The case of Bell is interesting because it shows how a child, who gives indications of sexual abuse, is reduced to her ear disorder (medical condition) and how her resistance to medical care makes her concerns less trustworthy in such a health-focused setting. Forced midication is never problematised, which suggests that the medicalisation of Bell is taken for granted. Bell’s body does not “speak” of developmental and psychosomatic harm and given that this type of harm is taken seriously by the Social Services the indications she gives about sexual abuse are never taken seriously.

There are often several testimonies to consider when assessing children in this context: the testimony of the child, the parent(s), the professionals. In this case, child welfare shows a difficulty in hearing Bell, not because she does not raise her voice, but because the parent, the professionals and her medicalised body (but not necessarily her bodily language) do not support her testimony.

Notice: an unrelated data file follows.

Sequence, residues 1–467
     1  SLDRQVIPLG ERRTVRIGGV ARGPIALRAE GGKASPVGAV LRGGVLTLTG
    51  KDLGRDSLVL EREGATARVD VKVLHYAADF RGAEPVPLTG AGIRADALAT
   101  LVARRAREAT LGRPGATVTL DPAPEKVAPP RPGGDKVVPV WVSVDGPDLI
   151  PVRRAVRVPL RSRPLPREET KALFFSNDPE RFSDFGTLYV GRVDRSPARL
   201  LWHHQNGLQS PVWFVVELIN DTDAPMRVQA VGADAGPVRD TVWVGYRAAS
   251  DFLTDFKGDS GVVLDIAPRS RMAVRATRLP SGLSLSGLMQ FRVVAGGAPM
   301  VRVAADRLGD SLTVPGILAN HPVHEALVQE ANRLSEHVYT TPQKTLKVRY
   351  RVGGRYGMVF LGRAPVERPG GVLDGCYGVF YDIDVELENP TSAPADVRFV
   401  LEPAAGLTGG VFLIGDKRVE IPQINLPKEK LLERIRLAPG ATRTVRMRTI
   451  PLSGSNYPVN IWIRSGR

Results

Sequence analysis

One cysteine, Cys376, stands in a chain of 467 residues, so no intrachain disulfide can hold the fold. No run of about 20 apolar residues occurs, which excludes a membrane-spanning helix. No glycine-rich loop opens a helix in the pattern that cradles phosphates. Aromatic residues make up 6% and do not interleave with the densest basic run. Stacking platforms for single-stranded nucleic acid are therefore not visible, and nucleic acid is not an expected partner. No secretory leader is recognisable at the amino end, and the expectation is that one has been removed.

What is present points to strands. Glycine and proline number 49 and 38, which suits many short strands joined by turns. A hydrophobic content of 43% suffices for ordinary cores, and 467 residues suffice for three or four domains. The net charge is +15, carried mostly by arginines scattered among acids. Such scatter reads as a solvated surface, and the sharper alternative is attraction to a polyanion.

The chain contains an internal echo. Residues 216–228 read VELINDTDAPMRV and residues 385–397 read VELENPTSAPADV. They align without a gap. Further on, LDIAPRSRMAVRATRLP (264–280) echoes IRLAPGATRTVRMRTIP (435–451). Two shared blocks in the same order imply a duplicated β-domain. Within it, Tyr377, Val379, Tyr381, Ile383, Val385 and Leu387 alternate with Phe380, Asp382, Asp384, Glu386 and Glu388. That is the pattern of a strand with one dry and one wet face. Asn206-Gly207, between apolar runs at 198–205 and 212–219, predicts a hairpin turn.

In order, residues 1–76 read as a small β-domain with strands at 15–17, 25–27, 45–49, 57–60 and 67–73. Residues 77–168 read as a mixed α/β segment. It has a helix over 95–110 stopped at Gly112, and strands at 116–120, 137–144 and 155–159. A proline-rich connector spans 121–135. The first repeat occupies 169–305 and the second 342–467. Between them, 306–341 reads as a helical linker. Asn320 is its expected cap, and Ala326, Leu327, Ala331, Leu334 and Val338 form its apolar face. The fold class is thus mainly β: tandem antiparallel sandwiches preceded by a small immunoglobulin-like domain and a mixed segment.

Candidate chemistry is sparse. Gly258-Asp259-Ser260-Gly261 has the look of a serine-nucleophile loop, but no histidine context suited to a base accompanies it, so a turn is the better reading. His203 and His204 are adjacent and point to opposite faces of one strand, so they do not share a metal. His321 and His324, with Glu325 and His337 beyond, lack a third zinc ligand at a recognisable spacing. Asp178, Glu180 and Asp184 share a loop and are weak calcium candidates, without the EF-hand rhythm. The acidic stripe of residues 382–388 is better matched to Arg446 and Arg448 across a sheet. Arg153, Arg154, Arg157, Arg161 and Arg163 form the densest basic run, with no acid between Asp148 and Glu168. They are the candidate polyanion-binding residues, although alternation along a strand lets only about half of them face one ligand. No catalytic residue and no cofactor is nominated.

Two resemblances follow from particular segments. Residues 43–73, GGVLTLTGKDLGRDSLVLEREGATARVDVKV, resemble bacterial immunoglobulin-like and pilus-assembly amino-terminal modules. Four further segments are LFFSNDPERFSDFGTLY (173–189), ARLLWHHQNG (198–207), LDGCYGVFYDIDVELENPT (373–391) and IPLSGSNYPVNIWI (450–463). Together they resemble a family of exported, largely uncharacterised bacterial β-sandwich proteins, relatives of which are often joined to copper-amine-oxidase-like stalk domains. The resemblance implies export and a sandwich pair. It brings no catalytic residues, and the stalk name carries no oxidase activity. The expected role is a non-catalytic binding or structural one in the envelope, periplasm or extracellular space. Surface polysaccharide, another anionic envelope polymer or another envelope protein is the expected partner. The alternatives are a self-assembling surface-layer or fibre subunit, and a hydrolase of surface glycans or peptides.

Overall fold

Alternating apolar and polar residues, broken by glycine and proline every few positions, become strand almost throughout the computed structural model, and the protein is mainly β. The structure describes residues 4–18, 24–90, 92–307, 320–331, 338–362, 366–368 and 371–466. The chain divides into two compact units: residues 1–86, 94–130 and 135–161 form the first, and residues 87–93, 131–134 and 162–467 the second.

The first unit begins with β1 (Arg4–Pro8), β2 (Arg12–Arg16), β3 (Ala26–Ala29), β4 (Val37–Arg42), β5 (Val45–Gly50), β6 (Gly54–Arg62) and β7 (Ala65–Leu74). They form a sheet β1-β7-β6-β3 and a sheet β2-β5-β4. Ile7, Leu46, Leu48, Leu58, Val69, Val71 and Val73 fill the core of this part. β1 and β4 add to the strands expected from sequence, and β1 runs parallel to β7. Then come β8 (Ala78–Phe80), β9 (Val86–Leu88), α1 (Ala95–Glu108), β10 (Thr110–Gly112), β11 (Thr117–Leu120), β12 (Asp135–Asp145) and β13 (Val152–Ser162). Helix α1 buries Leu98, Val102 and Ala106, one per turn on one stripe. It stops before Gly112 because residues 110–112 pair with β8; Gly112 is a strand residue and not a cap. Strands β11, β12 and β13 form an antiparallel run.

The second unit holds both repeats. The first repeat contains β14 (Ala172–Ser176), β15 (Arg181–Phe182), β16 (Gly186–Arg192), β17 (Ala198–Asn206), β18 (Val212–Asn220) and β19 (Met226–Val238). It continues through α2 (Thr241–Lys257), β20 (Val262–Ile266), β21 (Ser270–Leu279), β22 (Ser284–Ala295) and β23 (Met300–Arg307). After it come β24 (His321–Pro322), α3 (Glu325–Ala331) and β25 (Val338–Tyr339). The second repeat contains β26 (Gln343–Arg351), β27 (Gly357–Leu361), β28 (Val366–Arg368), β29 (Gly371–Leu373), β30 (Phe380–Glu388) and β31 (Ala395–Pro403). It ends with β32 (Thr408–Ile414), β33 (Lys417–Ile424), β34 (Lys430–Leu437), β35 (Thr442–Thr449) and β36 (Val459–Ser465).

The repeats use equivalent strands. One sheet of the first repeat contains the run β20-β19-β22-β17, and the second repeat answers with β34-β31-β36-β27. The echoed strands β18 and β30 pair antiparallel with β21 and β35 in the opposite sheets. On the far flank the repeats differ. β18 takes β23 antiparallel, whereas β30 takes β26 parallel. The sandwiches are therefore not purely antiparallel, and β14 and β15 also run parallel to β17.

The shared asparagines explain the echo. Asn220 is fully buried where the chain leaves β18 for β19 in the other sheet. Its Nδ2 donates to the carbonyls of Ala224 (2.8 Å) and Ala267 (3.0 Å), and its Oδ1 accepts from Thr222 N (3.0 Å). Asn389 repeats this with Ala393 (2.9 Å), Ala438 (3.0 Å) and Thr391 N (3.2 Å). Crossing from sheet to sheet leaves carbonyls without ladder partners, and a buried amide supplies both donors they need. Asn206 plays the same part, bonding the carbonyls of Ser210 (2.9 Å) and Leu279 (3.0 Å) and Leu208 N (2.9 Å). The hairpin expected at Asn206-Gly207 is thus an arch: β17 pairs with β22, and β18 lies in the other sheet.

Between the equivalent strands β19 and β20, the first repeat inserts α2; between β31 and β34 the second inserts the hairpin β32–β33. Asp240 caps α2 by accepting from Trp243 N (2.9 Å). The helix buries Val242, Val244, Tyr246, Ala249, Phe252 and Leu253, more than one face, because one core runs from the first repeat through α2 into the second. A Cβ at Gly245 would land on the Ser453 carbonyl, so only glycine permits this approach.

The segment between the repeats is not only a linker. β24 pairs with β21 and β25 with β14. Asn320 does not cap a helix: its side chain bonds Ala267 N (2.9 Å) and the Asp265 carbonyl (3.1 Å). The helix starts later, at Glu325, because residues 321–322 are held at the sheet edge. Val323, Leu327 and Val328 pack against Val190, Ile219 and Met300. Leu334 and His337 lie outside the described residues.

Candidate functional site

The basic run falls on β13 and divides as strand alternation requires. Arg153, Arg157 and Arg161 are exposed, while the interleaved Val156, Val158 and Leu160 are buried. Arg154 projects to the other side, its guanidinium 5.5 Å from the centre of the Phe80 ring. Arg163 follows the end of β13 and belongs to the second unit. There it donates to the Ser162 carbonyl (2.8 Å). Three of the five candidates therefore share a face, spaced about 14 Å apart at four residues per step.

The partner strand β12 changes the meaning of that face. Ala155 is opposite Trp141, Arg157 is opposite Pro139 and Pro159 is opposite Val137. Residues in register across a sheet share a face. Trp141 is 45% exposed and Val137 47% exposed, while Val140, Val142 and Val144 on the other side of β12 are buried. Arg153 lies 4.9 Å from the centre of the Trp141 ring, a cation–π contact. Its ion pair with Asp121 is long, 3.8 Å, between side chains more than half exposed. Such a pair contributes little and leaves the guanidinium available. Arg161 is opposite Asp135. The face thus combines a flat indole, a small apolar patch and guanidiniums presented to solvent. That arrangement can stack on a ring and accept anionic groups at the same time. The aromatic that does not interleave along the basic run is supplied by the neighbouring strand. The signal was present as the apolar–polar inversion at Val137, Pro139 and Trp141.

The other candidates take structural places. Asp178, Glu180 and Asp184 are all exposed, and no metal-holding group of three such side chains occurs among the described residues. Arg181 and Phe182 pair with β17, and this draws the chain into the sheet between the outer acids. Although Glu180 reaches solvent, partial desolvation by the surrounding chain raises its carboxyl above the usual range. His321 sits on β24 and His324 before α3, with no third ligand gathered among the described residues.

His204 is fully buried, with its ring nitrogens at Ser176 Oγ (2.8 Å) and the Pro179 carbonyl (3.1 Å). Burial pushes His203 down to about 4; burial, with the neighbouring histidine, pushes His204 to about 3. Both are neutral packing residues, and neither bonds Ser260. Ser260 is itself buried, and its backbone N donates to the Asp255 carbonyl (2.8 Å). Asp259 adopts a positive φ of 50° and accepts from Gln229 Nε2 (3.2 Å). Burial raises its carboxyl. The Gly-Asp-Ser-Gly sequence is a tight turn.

Source: Speaking bodies – silenced voices: Child protection and the knowledge culture of ‘evidencing’. Global Studies of Childhood – Zlatana Knezevic, 2020

See also:

Knezevic, Z (2020b) A Cry for Care But not Justice: Embodied Vulnerabilities and the Moral Economy of Child Welfare. Affilia, 35(2): 231-245.

Watters, C (2007) Refugees at Europe’s Borders: The Moral Economy of Care. Transcultural Psychiatry, 44: 394-417.

Barn och moralisk agens